Mile Higher Podcast
"Whenever I feel like I just need a little bit of a change from the other podcasts I listen to this one, because apart from covering true crime stories they also talk about controversies and unexplainable phenomenons like Pharaoh curses, Alien races, time travel and much more. It’s not just pure speculation when it comes to these controversies/ phenomenons but they actually also try to find facts on why some things could possibly be true or not and it’s definitely interesting to take these topics to discuss with your friends as well."
The Murder Squad
"This podcast is in the same network of MFM (My Favorite Murder) and is hosted by retired cold case investigator Paul Holes and journalistic investigator Billy Jensen who dig into unsolved murders and/or missing cases and also discuss with police who are involved in the case sometimes as well. The twist with this podcast is that they are asking the listeners to help solve the crime with them together by sending in tips or theories, and all over this podcast takes an even deeper dive in all the cases they cover since the hosts are people who have been involved and have worked in the law enforcement field in the past."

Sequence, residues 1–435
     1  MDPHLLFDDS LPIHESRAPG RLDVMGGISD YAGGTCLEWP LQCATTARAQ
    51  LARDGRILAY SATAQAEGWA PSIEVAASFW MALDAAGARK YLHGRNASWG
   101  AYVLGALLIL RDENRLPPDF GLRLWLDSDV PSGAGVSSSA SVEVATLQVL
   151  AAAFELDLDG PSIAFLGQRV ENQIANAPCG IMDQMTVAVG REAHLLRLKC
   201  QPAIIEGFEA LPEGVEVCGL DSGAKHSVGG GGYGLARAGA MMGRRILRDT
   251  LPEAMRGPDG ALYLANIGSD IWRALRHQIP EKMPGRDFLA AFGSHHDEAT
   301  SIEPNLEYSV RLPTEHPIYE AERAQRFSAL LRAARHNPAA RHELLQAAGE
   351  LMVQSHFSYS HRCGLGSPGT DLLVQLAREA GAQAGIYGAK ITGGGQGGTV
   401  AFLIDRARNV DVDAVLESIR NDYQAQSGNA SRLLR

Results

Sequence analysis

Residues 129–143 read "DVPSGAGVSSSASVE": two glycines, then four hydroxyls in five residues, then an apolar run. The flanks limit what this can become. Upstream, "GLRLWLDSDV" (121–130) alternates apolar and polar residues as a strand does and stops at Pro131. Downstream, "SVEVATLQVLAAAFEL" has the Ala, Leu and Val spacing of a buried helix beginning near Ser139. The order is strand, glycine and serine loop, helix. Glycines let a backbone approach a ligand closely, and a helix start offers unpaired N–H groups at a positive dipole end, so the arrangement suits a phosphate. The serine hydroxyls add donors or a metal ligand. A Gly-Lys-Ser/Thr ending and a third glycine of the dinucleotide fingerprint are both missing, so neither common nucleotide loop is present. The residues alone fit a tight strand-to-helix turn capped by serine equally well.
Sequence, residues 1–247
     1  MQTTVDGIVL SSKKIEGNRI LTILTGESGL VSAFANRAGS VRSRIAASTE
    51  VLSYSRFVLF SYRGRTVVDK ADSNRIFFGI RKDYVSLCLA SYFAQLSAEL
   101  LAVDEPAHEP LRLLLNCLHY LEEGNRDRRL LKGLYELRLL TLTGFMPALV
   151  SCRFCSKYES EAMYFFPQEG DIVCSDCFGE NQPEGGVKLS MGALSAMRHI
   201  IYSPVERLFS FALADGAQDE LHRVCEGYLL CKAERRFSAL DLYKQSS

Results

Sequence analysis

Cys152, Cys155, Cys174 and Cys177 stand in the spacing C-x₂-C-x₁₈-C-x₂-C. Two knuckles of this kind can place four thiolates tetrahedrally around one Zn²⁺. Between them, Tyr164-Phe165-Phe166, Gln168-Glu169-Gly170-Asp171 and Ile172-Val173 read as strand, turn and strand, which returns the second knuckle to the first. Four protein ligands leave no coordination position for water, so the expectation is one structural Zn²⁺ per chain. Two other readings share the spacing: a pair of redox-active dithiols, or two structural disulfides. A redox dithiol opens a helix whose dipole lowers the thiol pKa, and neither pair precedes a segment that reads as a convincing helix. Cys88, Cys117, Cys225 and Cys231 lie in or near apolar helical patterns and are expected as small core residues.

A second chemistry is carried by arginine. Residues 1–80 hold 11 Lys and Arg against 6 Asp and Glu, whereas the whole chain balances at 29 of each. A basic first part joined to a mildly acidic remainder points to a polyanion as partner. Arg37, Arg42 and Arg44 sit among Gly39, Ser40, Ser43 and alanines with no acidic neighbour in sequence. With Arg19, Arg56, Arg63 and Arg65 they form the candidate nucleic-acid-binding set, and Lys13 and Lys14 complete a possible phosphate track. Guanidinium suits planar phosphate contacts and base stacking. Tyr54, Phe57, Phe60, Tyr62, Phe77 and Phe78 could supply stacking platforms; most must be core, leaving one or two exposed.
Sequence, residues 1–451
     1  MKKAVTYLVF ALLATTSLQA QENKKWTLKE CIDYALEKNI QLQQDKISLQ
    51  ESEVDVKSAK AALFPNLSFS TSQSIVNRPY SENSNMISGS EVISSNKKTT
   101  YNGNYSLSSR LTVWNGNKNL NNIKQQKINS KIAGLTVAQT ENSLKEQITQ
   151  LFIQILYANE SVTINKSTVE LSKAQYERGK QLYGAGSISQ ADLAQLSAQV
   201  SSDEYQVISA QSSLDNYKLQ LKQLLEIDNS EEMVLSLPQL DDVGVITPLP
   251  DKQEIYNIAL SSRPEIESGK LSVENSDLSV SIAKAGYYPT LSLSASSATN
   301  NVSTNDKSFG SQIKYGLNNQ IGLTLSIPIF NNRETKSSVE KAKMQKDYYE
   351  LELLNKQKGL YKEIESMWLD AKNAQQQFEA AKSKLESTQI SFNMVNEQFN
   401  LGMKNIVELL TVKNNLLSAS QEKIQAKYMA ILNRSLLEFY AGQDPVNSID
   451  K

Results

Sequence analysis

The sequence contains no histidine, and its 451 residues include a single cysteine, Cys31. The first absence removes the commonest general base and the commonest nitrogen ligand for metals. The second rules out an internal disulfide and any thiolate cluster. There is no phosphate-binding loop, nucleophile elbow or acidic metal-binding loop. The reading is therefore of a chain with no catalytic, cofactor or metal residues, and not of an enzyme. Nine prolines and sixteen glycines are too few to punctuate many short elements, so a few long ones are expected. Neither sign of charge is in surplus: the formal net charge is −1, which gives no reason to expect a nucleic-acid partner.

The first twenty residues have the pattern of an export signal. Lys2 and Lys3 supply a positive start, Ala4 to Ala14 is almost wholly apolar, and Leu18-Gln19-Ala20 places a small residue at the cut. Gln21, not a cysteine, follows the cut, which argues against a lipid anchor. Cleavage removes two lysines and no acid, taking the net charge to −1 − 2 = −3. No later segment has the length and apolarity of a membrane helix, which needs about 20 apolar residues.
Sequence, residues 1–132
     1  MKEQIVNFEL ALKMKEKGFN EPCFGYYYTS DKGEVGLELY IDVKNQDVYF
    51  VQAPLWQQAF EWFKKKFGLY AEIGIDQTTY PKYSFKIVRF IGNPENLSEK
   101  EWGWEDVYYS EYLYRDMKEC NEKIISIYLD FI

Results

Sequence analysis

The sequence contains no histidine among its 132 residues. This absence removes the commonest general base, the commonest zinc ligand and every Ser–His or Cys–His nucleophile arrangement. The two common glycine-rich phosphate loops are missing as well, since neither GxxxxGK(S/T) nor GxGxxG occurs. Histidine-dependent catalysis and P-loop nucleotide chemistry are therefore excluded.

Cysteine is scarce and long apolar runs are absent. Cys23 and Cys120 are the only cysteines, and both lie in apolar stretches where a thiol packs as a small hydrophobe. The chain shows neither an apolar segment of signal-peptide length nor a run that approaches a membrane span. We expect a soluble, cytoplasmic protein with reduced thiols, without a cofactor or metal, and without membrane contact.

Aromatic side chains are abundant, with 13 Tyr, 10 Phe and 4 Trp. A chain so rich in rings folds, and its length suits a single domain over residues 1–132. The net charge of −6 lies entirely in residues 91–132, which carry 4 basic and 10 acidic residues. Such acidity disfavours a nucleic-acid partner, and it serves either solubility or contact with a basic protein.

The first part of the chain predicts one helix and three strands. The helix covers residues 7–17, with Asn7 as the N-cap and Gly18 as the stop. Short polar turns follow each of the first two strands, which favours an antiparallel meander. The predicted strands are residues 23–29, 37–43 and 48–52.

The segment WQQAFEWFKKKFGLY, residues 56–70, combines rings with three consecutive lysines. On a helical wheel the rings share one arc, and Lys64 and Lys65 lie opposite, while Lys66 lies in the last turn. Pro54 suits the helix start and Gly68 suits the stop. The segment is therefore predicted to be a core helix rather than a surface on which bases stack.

Housewives of True Crime
"Last but not least, Housewives of True Crime is the podcast that really introduced me into the podcast world and was the first podcast I started following. The pace of the podcast can feel a little bit slow, but for me I like listening to it when I feel like I need something more chill like when I get ready for bed and just want a mellow and non-eerie sound to listen to. The banter in the beginning of every episode sets that “mom” tone for me that makes me feel like I’m listening to my mom and her friends casually talk about everyday life stuff until the podcasters start diving into their stories. The format is quite similar to My Favorite Murder but has a different tone to it so depending on what podcasting style you like, if MFM is too intense for you, you might like this one."